WORLD: Prime Minister, your country has almost 1.8 million inhabitants. What are the three biggest challenges?
Albin Kurti: Firstly, we need foreign direct investment and the associated new jobs, especially for young people. Tax revenues have recently increased by 34 percent without changing fiscal policy. People are willing to pay more taxes again because they know this government is not corrupt. I encourage all European companies to invest in Kosovo. We have technology parks like in Prizren, high export growth and a young, well-educated workforce. Secondly, we must take even stronger action against corruption, the judiciary and criminal prosecution must be even more efficient. However, there are significant improvements: we have moved up 17 places in Transparency International's Corruption Index, as well as in Reporters Without Borders' Press Freedom Index. And according to the World Justice Project, we rank first out of all six Western Balkan countries in recognizing the rule of law. The third challenge is: Serbia is a threat to us. The country is building up illegal structures, particularly in northern Kosovo, and continues to maintain very close ties with Russia.
WORLD: You are pursuing a policy of reciprocity towards Belgrade. In concrete terms, this means that what applies to the citizens of Kosovo in Serbia should also be practiced in reverse. Serbian license plates on the cars of Kosovan citizens must be replaced by Kosovar license plates in the future. In addition, Serbian passports are no longer sufficient for entry, an additional document must be issued that is valid for 90 days.
Kurti: Yes, the measure was first valid on August 1st. We issued 2679 travel documents that day without encountering any problems. The documents were issued digitally, it was done within 20 seconds and costs the Serbs nothing. On the other hand, if Kosovo citizens want to travel to Serbia, they have to wait between ten minutes and two hours, unless the border officials are bribed. There were reports that Kurti wanted to take away the passports of the Serbs. This is complete nonsense. We do not collect passports, we only ask for an additional document.
WORLD: Nevertheless, there was unrest on July 31, barricades were erected at several border crossings and shots were fired at Kosovan police officers.
Kurti: The riots on July 31 were not triggered by ordinary citizens of the Serb minority in northern Kosovo, but by organized crime and oligarchs, who are on Serbia's payroll and who were briefed at meetings in Belgrade on what to do in Kosovo. This was commissioned work. After the barricades were removed, I - in consultation with the US and the EU - postponed the introduction of the measures by 30 days.
WORLD: Does that mean they will finally come in a few days?
Kurti: The planned border controls for Serbian citizens who want to travel to Kosovo and the new regulations for license plates will be binding and apply indefinitely from September 1st. But I am ready to shake hands with Vucic (Serbia's President, editor's note): If Serbia agrees to waive border controls in the future, then we will do the same. Then it would be on 1.9. no new rules.
WORLD: Is Vladimir Putin playing with fire in Kosovo?
Kurti: I believe that neither Serbia's President Vucic nor Russia's President Putin can abuse the Serb minority in Kosovo. Ordinary citizens do not participate in the warmongering policies against our country. That's what people are on Serbia's payroll for. These criminals deliberately stir up unrest again and again. But we are vigilant, we are not afraid of these criminals.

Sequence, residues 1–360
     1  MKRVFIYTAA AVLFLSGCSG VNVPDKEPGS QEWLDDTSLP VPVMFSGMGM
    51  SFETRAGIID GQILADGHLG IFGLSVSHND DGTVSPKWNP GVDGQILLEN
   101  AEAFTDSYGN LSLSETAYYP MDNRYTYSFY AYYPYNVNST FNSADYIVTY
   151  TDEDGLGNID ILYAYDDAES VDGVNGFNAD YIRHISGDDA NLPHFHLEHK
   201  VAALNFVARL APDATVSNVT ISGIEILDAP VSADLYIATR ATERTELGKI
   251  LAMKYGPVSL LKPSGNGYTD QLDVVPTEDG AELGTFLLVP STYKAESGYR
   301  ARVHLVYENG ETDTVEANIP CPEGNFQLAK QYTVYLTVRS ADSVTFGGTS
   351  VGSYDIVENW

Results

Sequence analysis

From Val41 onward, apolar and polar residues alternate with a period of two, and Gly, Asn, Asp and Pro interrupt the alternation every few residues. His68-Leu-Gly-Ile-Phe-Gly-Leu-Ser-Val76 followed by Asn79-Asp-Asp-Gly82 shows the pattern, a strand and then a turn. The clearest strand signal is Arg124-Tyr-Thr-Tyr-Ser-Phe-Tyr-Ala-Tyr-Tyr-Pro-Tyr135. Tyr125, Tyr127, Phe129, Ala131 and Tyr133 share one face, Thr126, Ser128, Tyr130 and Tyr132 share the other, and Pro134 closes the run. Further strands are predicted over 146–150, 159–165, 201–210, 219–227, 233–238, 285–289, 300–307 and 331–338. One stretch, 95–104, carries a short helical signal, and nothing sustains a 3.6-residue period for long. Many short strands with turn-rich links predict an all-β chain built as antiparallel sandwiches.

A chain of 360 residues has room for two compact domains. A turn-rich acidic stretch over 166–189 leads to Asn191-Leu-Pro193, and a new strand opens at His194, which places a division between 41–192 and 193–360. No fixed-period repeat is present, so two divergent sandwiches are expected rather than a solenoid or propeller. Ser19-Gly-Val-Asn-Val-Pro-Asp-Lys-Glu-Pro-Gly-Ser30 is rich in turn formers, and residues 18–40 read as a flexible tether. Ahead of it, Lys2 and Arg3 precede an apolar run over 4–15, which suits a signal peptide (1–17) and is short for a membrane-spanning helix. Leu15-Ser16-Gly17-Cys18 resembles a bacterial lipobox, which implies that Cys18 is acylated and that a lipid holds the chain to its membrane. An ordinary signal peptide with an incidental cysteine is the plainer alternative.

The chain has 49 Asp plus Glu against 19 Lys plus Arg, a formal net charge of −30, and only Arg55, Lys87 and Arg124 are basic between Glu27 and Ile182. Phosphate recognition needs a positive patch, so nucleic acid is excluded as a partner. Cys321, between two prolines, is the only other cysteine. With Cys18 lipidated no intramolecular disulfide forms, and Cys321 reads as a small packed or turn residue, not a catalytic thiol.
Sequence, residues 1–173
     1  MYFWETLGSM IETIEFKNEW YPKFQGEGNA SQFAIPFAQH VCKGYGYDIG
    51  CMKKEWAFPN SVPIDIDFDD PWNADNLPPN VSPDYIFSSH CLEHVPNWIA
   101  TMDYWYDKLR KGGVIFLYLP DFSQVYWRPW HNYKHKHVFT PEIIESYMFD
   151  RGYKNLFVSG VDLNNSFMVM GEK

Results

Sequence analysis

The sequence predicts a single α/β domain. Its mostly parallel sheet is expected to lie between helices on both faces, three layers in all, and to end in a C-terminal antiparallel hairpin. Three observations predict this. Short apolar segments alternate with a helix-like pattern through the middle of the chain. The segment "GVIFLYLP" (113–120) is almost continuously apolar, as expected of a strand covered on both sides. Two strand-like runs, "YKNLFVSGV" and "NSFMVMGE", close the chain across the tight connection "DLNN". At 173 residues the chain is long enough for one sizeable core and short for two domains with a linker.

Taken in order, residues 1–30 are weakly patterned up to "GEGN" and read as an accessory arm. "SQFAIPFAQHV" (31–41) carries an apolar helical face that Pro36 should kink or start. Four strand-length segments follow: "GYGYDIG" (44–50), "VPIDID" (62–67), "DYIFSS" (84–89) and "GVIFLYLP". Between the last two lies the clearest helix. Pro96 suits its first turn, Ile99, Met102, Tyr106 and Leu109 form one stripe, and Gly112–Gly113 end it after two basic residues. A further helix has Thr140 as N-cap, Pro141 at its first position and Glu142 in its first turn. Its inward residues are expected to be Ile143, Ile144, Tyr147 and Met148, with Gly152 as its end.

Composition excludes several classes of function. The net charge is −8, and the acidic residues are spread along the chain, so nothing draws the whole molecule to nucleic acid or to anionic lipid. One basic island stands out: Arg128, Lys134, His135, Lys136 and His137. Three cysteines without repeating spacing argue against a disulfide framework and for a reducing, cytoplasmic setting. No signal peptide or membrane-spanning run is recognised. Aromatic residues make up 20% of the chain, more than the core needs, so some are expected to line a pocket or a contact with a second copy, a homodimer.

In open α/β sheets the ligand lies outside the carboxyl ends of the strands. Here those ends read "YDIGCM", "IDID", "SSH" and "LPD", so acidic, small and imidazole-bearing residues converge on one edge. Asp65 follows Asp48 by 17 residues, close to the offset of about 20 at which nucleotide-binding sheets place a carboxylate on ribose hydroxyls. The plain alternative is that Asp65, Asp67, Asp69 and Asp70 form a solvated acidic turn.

WORLD: Does Kosovo need more than the current 3,800 NATO KFOR soldiers to be adequately protected?
Kurti: We have increased the defense budget by 52 percent, and our national security forces now have 5,000 soldiers and 3,000 reservists. But there are 48 Serbian military bases around Kosovo. Russia and Serbia work closely together in military policy, they undertook a total of 104 maneuvers and activities together in 2021 - some of which included Belarusian armed forces. Because of the threat from Serbia and Russia, there is an urgent need to significantly increase the number of NATO soldiers in Kosovo. That would definitely improve our security. It would also help us if more German soldiers than before were to take part in the NATO protection troops, which increases deterrence. In addition, the KFOR troops could help us to further expand our own security structures and capabilities.
WORLD: When will Kosovo apply to become an EU candidate?
Kurti: We will apply to become an EU accession candidate this fall or winter, but no later than Christmas 2022.
WORLD: What makes you so sure that this will work?
Kurti: We are the most pro-democratic and pro-Western country in the Western Balkans. In addition, we already have close contractual ties with the EU through the Stabilization and Association Agreement that we can build on. In addition, the security of the European continent is threatened after Russia's completely unjustified attack on Ukraine. So it would be important to have a stable partner in Kosovo at your side in the Western Balkans. So both sides would benefit equally.
WORLD: When does Kosovo want to join the EU?
Kurti: Certainly not this year or next. This will take time.
WORLD: How long?
Kurti: A timeframe from Brussels with milestones to be reached would be absolutely necessary. It would be important for someone with influence in the EU to stand up and say: All six Western Balkan countries should join the EU by 2030. We were promised that back in 2003. Nobody has to be afraid of us. All six Western Balkan countries, together with 18 million inhabitants, are about the size of the Netherlands. The economic power corresponds to the gross domestic product of Slovakia. In addition, every third inhabitant of the Western Balkans no longer lives at home anyway, but somewhere in Western Europe, mostly in Germany.